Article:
Alongside that there’s the more personal labours around being wife to a massively talented artist whose epic contract this year has meant he really needed me to keep the home front running smoothly. I’m also mother to a budding maths genius, with his rugby generated laundry and need for interesting and educational out of school options.

Along the way I’ve had several bouts of block with regards to the novel, a crisis over my creative work, and some serious run ins with depression. These are not unusual afflictions for authors, either. I’ve had patches where I needed to step away from the book to reflect on the structure, characters, and direction. I would not have had a clue how to finish it without some personal experiences this autumn that have made me realise what was missing, and what, therefore, will happen next.

It takes a lot of material to write a rich and engaging novel of decent length. I read all the time, I study people, absorb ideas and influences, and sometimes that radically impacts on what I was doing. What I set out to write is seldom what I end up with because I learn so much on the way. If I tried to write a draft in a month, I would lose all that space for learning and reflection. I would lose the real life events that feed into what I write. I know there’s a logic that says get something down and then hone it, but that doesn’t work for me. I need to like what I’ve written. It has to be good enough to justify the time and energy of a redraft. If I don’t give it my best the first time around, I won’t feel inspired to stick with it.

I notice that I do my best work when it can go at its own pace, when I can have a range of creative projects on the go – music and crafting, kitchen projects, learning things – at the same time. I write better when I have a good diet of creative and inspiring input, when I have time to read, walk, go to gigs, dance, daydream. To write a book in a month, and honour the day jobs, and care for my family, I’d have to write about 2000 words of fiction most days. Other things would have to give. What I’ve learned this last year is that when I give up that balance of things to focus on whatever is supposedly more important, my creative output goes down, and so does the quality.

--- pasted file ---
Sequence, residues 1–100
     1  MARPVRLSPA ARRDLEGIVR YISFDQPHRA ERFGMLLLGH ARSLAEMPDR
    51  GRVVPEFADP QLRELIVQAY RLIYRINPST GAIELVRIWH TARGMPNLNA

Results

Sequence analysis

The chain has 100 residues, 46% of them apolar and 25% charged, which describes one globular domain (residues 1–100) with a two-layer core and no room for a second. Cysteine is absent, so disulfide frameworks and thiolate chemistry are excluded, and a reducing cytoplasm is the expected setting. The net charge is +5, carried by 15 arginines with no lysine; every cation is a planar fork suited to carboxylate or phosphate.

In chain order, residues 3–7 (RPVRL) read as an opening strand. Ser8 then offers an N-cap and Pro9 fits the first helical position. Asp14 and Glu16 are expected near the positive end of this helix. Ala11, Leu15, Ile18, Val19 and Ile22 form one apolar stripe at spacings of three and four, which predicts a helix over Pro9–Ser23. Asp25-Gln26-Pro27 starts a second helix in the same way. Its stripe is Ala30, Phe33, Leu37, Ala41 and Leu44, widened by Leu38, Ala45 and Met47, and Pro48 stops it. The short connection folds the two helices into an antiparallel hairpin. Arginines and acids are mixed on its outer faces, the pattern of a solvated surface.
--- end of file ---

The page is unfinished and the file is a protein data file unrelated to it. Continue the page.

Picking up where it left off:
We’re all different in terms of how we think, feel and create. If running flat out for a month at the expense of everything else works for you – fine. But if not, there are other ways. There are always other ways.

Something cyclical, something ceramic

It’s an odd thought that this time a week ago, Andrew Wood was nothing more than a name on a rather unusual job-poster, and I knew nothing whatsoever about fine-art ceramics. Both have rather taken over my time and attention since then. I have a knack for finding opportunities to get entirely out of my depth in short time frames, so that in itself comes as no surprise at all. Looking back it occurs to me that most of the important things in my life have come about from sudden decisions to jump into things I was in no way equipped to deal with. Apparently I like the challenge of a steep learning curve, and opportunity to see the world from a new angle.